at age twenty, bringing with him a ball, a rulebook, a love for the game,
and a desire to teach it to his elite friends. Shortly after his return,
he formed a soccer team for the São Paulo Athletic Club, composed
mostly of Anglo-Brazilians and British expatriates. Soon clubs began
appearing all over São Paulo, supported by companies and neighbor-
hoods. Over the course of two decades the sport difused outward and
downward: frst to elite athletic clubs in São Paulo and Rio de Janeiro,
supplanting rowing as the most popular elite sport, and then to the
popular classes by way of neighborhood- or work-based teams.
Most histories of the game in Latin America argue that the sport
had two births: the foreign and the national. Te former marked the
era of foreign dominance that began when soccer arrived; the latter,
when “local” teams won the championship for the frst time, repre-
senting both an assertion of “national” supremacy in the game and
the origins of supposedly national styles. In Brazil a third birth story
exists: when Afro-Brazilians entered the feld in large numbers. Ac-
cording to Mario Filho, in his classic O negro no futebol Brasileiro (Blacks
in Brazilian Soccer, 1947), this occurred when the game professional-
ized in 1933, but players of African descent had played for big clubs
before. Joaquim Prado, for instance, briefy played for Fluminense. Ar-
thur Friedenreich—son of a German immigrant and his Afro-Brazilian
wife—became a star in the São Paulo league and the Brazilian national
team and helped the team win the South American Championship
in 1919 and 1922. By the 1938 World Cup, the star of Brazil and the
tournament was a mixed-race player named Leônidas da Silva, known
as the “Black Diamond.” Leônidas came to represent not only the na-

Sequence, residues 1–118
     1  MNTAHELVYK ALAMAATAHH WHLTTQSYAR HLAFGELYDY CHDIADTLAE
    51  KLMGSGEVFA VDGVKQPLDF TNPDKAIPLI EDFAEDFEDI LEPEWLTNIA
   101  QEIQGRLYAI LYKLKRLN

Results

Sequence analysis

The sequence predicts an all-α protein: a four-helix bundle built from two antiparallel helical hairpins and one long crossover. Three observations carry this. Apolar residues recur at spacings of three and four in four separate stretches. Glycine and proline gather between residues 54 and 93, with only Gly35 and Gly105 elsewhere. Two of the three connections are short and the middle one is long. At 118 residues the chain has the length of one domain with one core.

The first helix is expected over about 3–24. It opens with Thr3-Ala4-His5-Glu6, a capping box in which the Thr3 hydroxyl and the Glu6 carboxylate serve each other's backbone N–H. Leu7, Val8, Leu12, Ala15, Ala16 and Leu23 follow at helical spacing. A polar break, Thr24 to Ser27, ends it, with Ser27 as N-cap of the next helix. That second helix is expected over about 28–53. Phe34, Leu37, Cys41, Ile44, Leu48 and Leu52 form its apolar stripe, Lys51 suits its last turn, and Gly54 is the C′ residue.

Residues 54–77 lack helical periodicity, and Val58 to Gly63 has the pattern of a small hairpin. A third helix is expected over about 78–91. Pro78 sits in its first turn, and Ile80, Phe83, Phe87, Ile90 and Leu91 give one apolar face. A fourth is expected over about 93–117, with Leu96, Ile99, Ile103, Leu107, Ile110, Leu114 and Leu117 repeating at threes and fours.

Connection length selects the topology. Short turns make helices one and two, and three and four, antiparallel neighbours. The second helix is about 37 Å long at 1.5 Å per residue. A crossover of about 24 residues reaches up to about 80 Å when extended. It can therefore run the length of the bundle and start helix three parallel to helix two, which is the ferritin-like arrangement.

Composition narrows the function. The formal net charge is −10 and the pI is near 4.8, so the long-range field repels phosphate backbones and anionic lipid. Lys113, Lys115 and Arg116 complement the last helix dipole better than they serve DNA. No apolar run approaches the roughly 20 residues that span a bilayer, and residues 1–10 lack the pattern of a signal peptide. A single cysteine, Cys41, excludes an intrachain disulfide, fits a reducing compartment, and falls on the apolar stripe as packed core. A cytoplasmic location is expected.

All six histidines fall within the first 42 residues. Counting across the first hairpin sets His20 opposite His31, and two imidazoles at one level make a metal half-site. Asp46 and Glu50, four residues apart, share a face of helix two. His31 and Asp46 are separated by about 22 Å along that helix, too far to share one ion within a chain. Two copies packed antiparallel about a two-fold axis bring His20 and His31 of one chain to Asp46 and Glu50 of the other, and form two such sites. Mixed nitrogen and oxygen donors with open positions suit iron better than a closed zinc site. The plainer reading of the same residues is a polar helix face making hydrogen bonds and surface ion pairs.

tional soccer team but the nation as well. Te leading scorer of the 1938
World Cup, he played with both speed and grace. Able to use his ball
skills to dribble around opposing defenders, he was described as agile,
musical, and above all exceptional.
It is no accident that Leônidas became a symbol of Brazil when he
did. Beginning with the Revolution of 1930 and the rise of Getúlio
La Nuestra and Futebol Arte: National Styles? • 65
Vargas as president, the Brazilian state began searching for new sym-
bols of the nation. Vargas, a populist who veered between Fascism
and a leftist politics, ended a half-century of chaotic politics that had
marked the period since the end of slavery and the birth of the Re-
public. He centralized the state by doing away with an informal agree-
ment through which power alternated between north and south, and
he sought to fnd popular avenues of “Brazilian-ness.” He and other na-
tionalist thinkers began to highlight homegrown expressions that set
Brazil apart from other countries. So, for example, the Afro-Brazilian
martial art capoeira went from being vilifed and linked to supposed
Afro-Brazilian criminality to being celebrated as an expression of a dis-
tinct Brazilian identity. Samba went from being the dance of poor and
black Brazilians to ofcial recognition as a national art. And soccer,
already the king of sports in Brazil, received increased visibility as the
idea of a national style was attached to the game.
Despite its popularity, soccer’s development as the national sport
had been stymied because of politics and interstate rivalries. Indeed,
until the late 1930s soccer politics were as fractious as national poli-
tics. Championships were statewide rather than nationwide, and re-
gionalism in both soccer and politics exacerbated interstate tensions.
Tis phenomenon was visible most notably in the rivalry between São
Paulo and Rio de Janeiro, which impeded the development of soccer
on a national level. During the 1930 World Cup, for example, an Argen-
tine walking down a crowded São Paulo street mistakenly thought that
raucous crowds were cheering a Brazilian victory. No, he was corrected,
the national team had lost and the crowd was celebrating: that year all
but one member of the national team played in Rio de Janeiro—the
Paulista league had refused to send their players.
In 1934 debates over
the nascent professional leagues again kept many of Brazil’s top play-
ers from being eligible to play, and the team lost in the frst round of